Dr. Johnson's Table Talk: Containing Aphorisms on Literature, Life, and Manners; with Anecdotes of Distinguished Persons, Selected and Arranged from Dr. Boswell's Life of Johnson, Volume 1
C. Dilly, 1798 - 446 pages
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Page 153 - Sir, you do not know it to be good or bad till the judge determines it. I have said that you are to state facts fairly; so that your thinking, or what you call knowing, a cause to be bad must be from reasoning, must be from your supposing your arguments to be weak and inconclusive.
Page 274 - Sir, it is owing to their expressing themselves in a plain and familiar manner, which is the only way to do good to the common people, and which clergymen of genius and learning ought to do from a principle of duty, when it is suited to their congregations; a practice, for which they will be praised by men of sense.
Page 149 - When I was running about this town a very poor fellow, I was a great arguer for the advantages of poverty; but I was, at the same time, very sorry to be poor. Sir, all the arguments which are brought to represent poverty as no evil, show it to be evidently a great evil.
Page 14 - Goldsmith should not be for ever attempting to shine in conversation : he has not temper for it, he is so much mortified when he fails. Sir, a game of jokes is composed partly of skill, partly of chance ; a man may be beat at times by one who has not the tenth part of his wit. Now Goldsmith's putting himself against another, is like a man laying a hundred to one, who cannot spare the hundred.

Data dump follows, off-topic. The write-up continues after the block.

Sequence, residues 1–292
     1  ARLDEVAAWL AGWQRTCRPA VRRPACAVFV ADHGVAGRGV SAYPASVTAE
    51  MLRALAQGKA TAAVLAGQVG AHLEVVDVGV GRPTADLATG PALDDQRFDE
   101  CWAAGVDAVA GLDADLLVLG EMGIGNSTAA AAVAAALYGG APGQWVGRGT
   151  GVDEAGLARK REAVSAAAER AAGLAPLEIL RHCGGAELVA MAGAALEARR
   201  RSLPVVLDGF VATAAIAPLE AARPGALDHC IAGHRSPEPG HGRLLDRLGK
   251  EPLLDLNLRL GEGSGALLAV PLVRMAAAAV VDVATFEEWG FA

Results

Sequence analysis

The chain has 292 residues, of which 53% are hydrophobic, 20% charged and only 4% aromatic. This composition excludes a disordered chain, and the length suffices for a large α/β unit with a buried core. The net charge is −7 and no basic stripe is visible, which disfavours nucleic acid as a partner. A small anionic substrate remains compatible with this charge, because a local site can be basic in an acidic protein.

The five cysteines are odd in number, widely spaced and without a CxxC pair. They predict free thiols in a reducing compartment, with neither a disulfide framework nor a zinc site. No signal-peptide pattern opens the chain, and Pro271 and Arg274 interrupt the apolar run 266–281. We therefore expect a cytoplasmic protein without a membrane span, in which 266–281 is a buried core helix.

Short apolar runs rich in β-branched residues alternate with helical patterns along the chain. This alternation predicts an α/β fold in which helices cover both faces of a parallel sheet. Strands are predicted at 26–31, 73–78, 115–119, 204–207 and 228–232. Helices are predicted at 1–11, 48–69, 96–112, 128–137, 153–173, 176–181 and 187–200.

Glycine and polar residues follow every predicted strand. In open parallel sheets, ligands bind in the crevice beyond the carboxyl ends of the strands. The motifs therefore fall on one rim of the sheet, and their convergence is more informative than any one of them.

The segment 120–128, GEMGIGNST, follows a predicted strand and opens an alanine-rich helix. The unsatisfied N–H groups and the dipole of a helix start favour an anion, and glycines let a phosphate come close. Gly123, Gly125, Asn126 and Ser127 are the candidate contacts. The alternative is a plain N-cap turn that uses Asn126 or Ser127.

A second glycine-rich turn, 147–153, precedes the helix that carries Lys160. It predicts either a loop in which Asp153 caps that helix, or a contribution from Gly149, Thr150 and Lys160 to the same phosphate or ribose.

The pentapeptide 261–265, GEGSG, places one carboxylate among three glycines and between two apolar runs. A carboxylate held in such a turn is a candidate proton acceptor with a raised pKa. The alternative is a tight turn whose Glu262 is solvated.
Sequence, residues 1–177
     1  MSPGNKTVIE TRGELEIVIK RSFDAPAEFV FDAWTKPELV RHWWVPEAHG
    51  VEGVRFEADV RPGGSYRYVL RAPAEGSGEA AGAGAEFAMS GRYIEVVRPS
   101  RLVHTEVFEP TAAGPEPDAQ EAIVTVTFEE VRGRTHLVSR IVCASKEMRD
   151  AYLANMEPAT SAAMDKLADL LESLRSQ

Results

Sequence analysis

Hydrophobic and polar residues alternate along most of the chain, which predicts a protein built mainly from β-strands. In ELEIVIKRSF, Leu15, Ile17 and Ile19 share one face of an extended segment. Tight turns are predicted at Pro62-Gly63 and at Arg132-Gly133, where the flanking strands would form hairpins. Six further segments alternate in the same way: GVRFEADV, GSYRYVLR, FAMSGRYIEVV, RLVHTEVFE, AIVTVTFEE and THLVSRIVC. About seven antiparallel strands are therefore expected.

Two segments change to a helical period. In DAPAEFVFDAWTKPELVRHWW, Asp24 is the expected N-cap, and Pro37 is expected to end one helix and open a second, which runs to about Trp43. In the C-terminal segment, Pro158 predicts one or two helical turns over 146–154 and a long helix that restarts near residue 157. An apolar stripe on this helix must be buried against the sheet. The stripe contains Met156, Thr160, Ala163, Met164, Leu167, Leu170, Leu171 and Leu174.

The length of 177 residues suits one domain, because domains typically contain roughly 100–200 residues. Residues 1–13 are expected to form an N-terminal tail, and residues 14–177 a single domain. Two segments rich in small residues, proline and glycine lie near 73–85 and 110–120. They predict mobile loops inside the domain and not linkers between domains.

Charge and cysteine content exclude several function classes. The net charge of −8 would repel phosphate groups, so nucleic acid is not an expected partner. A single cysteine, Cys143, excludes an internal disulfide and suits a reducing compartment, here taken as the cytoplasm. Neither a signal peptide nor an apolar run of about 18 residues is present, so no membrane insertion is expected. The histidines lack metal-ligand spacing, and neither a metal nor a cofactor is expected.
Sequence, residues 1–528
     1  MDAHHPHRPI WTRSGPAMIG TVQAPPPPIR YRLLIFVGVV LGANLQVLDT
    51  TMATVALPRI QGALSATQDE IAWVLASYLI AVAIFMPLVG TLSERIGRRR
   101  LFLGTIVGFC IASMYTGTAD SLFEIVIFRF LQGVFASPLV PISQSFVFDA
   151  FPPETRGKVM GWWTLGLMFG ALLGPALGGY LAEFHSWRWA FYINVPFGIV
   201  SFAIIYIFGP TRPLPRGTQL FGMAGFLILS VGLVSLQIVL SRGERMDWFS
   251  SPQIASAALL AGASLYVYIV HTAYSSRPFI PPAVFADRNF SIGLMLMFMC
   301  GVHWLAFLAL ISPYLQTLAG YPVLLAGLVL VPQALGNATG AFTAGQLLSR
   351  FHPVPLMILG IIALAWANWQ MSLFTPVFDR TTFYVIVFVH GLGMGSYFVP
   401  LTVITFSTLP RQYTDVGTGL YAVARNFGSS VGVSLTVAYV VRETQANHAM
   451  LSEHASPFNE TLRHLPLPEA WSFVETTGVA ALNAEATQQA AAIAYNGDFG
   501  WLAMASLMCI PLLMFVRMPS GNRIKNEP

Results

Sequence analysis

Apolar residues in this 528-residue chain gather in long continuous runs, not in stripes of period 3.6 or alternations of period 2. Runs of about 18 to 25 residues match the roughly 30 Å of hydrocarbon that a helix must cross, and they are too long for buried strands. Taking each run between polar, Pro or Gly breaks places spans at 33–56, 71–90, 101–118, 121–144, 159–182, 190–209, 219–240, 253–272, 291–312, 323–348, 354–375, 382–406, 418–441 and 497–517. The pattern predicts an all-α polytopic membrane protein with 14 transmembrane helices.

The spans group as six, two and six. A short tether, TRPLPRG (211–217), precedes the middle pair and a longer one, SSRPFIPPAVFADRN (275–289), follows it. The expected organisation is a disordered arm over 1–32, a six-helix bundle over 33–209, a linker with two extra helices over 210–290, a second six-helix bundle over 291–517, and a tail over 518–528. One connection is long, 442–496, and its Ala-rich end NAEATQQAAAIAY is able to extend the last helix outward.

Page 153 - But, sir, that is not enough. An argument which does not convince yourself may convince the judge to whom you urge it; and if it does convince him, why then, sir, you are wrong and he is right. It is his business to judge ; and you are not to be confident in your own opinion that a cause is bad, but to say all you can for your client, and then hear the judge's opinion.
Page 432 - there is all the difference in the world between characters of nature and characters of manners; and there is the difference between the characters of Fielding and those of Richardson. Characters of manners are very entertaining; but they are to be understood by a more superficial observer than characters of nature, where a man must dive into the recesses of the human heart.
Page 427 - I met him (said he) at Lord Clare's house in the country, and he took no more notice of me than if I had been an ordinary man.
Page 264 - Sir, the life of a parson, of a conscientious clergyman, is not easy. I have always considered a clergyman as the father of a larger family than he is able to maintain. I would rather have Chancery suits upon my hands than the cure of souls. No, Sir, I do not envy a clergyman's life as an easy life ', nor do I envy the clergyman who makes it an easy life.
Page 65 - Why, Sir, that may be true in cases where learning cannot possibly be of any use; for instance, this boy rows us as well without learning, as if he could sing the song of Orpheus to the Argonauts, who were the first sailors." He then called to the boy, "What would you give, my lad, to know about the Argonauts?" "Sir," said the boy, "I would give what I have.
Page 406 - It may be justly supposed that there was in his conversation, what appears so frequently in his letters, an affectation of familiarity with the great, an ambition of momentary equality sought and enjoyed by the neglect of those ceremonies which custom has established as the barriers between one order of society and another. This transgression of regularity was by himself and his admirers termed greatness of soul.